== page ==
Wednesday, July 17, 2013

The Race Merchants



  Emmett Louis Till (July 25, 1941 – August 28, 1955) was a black boy who was murdered in Mississippi at the age of 14 after reportedly flirting with a white woman. Till was from Chicago, Illinois, visiting his relatives in Money, Mississippi, in the Mississippi Delta region, when he spoke to 21-year-old Carolyn Bryant, the married proprietor of a small grocery store there. Several nights later, Bryant's husband Roy and his half-brother J. W. Milam arrived at Till's great-uncle's house where they took Till, transported him to a barn, beat him and gouged out one of his eyes, before shooting him through the head and disposing of his body in the Tallahatchie River, weighting it with a 70-pound (32 kg) cotton gin fan tied around his neck with barbed wire. His body was discovered and retrieved from the river three days later. Till was returned to Chicago and his mother, who had raised him mostly by herself, insisted on a public funeral service with an open casket to show the world the brutality of the killing. Tens of thousands attended his funeral or viewed his casket and images of his mutilated body were published in black magazines and newspapers, rallying popular black support and white sympathy across the U.S. Intense scrutiny was brought to bear on the condition of black civil rights in Mississippi, with newspapers around the country critical of the state. Although initially local newspapers and law enforcement officials decried the violence against Till and called for justice, they soon began responding to national criticism by defending Mississippians, which eventually transformed into support for the killers.

 The trial attracted a vast amount of press attention. Bryant and Milam were acquitted of Till's kidnapping and murder, but only months later, in a magazine interview, protected against double jeopardy, they admitted to killing him. Till's murder is noted as a pivotal event motivating the black Civil Rights Movement. Problems identifying Till affected the trial, partially leading to Bryant's and Milam's acquittals, and the case was officially reopened by the United States Department of Justice in 2004. As part of the investigation, the body was exhumed and autopsied resulting in a positive identification. He was reburied in a new casket, which is the standard practice in cases of body exhumation. His original casket was donated to the Smithsonian Institution. Events surrounding Emmett Till's life and death, according to historians, continue to resonate, and almost every story about Mississippi returns to Till, or the region in which he died, in "some spiritual, homing way".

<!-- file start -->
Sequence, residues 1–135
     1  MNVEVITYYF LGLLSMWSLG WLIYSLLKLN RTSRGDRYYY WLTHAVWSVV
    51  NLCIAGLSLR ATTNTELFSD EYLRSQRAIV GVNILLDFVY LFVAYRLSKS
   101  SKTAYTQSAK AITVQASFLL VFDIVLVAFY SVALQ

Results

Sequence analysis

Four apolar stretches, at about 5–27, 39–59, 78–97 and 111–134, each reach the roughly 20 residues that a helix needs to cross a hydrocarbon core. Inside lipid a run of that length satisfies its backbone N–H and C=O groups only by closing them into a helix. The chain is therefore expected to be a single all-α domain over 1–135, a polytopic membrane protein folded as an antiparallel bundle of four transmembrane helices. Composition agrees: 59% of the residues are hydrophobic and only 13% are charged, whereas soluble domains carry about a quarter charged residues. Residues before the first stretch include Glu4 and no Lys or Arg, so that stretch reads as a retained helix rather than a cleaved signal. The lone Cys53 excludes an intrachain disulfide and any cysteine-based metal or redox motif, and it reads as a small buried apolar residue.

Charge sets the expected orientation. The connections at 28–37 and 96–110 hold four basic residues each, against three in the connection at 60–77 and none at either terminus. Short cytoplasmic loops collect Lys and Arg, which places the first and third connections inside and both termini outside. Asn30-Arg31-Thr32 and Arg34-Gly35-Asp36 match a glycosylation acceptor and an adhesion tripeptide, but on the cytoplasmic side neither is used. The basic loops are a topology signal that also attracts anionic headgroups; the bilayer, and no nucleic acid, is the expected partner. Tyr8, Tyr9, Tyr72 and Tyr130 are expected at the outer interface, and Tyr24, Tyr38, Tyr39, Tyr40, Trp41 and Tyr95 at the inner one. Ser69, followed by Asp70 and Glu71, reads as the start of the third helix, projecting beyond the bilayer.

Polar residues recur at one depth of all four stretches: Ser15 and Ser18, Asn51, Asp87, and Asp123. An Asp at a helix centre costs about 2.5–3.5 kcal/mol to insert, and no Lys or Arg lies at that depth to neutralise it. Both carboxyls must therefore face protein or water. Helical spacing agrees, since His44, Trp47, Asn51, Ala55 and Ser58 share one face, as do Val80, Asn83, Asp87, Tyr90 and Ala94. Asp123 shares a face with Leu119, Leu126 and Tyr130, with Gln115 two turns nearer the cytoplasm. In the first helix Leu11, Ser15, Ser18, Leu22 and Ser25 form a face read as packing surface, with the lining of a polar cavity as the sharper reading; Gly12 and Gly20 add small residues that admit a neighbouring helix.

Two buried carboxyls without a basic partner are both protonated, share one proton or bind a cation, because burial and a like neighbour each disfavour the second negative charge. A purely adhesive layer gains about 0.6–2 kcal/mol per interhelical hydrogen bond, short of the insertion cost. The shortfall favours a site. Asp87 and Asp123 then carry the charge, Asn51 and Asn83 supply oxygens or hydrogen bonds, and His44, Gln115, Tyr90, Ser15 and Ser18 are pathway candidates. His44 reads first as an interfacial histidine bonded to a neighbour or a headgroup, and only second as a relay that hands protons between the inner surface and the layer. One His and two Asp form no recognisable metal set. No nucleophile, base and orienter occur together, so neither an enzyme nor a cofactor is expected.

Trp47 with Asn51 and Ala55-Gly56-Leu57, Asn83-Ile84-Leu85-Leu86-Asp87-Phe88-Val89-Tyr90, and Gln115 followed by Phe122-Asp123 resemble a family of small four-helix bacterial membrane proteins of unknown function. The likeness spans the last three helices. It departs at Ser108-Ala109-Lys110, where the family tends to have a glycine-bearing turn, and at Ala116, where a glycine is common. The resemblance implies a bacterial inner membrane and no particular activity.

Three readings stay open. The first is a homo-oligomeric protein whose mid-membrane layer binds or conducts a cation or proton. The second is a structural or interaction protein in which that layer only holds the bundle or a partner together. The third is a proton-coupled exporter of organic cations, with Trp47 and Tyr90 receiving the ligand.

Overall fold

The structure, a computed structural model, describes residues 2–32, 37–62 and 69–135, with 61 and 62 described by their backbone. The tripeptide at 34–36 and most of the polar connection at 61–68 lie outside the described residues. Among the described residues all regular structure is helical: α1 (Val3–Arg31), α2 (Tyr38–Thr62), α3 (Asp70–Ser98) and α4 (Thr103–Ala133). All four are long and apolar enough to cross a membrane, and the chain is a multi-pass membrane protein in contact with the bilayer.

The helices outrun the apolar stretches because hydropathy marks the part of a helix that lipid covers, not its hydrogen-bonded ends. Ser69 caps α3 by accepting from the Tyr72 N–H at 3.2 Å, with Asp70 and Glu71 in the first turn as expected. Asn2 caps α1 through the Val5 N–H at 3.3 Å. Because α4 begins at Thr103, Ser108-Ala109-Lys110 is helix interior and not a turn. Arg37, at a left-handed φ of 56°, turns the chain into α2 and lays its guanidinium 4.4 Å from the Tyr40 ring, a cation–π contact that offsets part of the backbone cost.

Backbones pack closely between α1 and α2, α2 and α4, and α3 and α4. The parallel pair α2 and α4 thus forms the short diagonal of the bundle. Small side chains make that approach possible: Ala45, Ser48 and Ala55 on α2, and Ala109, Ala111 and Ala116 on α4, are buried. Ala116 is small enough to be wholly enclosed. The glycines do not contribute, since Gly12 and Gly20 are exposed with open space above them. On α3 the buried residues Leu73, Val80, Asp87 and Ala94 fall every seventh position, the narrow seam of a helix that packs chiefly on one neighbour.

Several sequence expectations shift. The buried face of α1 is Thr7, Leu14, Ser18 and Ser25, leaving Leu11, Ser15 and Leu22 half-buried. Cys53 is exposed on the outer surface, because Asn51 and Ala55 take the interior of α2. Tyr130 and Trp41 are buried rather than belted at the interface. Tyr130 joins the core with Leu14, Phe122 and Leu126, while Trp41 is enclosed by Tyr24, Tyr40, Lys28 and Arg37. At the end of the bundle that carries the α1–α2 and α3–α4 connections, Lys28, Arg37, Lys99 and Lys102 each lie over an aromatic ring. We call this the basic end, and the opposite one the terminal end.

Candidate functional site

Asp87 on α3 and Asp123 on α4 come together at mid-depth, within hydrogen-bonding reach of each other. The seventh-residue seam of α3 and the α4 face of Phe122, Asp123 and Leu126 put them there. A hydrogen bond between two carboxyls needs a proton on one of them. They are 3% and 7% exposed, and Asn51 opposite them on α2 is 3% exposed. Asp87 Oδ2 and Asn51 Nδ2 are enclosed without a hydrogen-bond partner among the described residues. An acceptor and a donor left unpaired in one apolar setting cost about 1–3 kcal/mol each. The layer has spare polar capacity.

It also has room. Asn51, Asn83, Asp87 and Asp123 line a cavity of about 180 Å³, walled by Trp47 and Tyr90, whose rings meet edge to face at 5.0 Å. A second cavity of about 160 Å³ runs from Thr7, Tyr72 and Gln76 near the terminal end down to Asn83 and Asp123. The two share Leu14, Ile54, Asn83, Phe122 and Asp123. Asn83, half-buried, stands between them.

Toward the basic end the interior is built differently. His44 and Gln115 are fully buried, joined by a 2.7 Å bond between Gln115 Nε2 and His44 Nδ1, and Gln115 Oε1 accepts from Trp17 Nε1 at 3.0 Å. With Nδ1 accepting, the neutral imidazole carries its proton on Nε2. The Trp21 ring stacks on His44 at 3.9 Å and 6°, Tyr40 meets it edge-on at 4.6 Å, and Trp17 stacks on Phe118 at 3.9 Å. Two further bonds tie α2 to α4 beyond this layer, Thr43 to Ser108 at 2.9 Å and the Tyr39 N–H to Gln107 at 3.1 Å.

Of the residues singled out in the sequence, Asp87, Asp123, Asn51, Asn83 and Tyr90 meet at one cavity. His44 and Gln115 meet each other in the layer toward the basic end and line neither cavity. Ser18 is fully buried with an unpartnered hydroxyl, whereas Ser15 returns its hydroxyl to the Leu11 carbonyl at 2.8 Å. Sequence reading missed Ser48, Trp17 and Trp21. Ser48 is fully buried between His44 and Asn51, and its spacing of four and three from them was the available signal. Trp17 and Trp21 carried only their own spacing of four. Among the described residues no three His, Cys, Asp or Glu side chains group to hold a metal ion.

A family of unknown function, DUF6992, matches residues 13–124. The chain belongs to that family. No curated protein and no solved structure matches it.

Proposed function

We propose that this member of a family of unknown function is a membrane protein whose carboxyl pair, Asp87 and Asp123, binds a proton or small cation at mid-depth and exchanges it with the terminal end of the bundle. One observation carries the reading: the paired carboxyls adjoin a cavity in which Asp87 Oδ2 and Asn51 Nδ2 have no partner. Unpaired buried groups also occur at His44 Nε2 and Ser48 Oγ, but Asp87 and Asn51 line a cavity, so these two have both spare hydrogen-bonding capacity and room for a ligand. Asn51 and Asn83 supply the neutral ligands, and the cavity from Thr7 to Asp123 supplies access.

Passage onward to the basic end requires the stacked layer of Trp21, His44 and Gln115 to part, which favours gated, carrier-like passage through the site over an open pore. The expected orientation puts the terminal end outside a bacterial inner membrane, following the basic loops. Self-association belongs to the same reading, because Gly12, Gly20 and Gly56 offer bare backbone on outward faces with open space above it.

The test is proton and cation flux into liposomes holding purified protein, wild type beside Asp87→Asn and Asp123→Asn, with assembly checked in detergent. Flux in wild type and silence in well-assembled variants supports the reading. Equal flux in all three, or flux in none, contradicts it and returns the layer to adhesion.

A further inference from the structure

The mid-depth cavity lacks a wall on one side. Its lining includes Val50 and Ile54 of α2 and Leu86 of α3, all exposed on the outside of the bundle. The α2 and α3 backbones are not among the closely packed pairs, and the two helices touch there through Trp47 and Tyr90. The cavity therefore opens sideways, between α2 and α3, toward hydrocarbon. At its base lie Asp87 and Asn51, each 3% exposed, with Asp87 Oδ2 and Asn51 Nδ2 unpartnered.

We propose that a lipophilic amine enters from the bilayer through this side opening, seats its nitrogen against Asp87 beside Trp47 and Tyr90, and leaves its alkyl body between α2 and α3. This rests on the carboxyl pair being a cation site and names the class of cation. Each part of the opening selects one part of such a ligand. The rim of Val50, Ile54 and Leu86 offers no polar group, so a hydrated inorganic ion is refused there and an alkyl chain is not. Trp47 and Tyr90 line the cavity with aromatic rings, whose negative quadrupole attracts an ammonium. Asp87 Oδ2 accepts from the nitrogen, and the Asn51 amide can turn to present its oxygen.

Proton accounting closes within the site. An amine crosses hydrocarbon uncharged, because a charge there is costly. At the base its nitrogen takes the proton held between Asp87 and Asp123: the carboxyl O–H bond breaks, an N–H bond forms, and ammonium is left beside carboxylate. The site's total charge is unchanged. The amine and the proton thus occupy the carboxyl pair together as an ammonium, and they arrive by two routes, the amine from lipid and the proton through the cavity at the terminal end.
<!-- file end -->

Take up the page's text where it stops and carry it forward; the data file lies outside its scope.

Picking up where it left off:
In the early morning of June 12, 1963, just hours after President John F. Kennedy's speech on national television in support of civil rights, Evers pulled into his driveway after returning from a meeting with NAACP lawyers. Emerging from his car and carrying NAACP T-shirts that read "Jim Crow Must Go," Evers was struck in the back with a bullet fired from an Enfield 1917 rifle; it ricocheted into his home. He staggered 9 meters (30 feet) before collapsing. He died at a local hospital 50 minutes later. The driveway where Medgar Evers was shot. Mourned nationally, Evers was buried on June 19 in Arlington National Cemetery, where he received full military honors before a crowd of more than 3,000. On June 21, 1963, Byron De La Beckwith, a fertilizer salesman and member of the White Citizens' Council (and later of the Ku Klux Klan), was arrested for Evers' murder. District Attorney and future governor Bill Waller prosecuted De La Beckwith. Juries composed solely of white men twice that year deadlocked on De La Beckwith's guilt. In 1994, 30 years after the two previous trials had failed to reach a verdict, De La Beckwith was brought to trial based on new evidence. Bobby DeLaughter was the prosecutor. During the trial, the body of Evers was exhumed from his grave for an autopsy. De La Beckwith was convicted of murder on February 5, 1994, after having lived as a free man for much of the three decades following the killing (he was imprisoned from 1977 to 1980 for conspiring to murder A. I. Botnick). De La Beckwith appealed unsuccessfully, and died at age 80 in prison in January 2001. I have relayed the stories of these two murders to illustrate the ridiculous lengths that people are going to link these murders to the killing of Trayvon Martin by George Zimmerman. The Martin attorney actually had the temerity to make this comparison. You cannot seriously compare the brutal murder of a fourteen year old boy for whistling at a white woman and a man that was shot in the back by a coward in front of his children to a killing in which a man felt the need to defend himself from a thug. Even if Zimmerman overreacted it still cannot be seriously compared to these two murders. The juries in the first two murders were made up of white males. The Zimmerman jury was made up of six women who were seriously dedicated to arriving at a just decision compared to the all white male juries. When the race merchants make these ridiculous comparisons they lose all credibility with logical people of all colors.
The body of Trayvon Martin

Emmett Till in life
Emmett Till in death

The funeral of Medgar  Evers



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